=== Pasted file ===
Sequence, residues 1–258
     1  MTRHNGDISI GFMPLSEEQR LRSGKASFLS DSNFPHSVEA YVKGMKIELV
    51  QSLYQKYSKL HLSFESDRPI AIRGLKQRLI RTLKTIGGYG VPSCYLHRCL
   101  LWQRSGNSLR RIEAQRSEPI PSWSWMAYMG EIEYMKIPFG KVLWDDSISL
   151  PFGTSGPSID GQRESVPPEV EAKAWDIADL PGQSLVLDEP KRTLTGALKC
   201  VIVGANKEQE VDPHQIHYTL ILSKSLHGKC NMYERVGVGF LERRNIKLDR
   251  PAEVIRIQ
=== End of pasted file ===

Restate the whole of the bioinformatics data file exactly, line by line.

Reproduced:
Sequence, residues 1–258
     1  MTRHNGDISI GFMPLSEEQR LRSGKASFLS DSNFPHSVEA YVKGMKIELV
    51  QSLYQKYSKL HLSFESDRPI AIRGLKQRLI RTLKTIGGYG VPSCYLHRCL
   101  LWQRSGNSLR RIEAQRSEPI PSWSWMAYMG EIEYMKIPFG KVLWDDSISL
   151  PFGTSGPSID GQRESVPPEV EAKAWDIADL PGQSLVLDEP KRTLTGALKC
   201  VIVGANKEQE VDPHQIHYTL ILSKSLHGKC NMYERVGVGF LERRNIKLDR
   251  PAEVIRIQ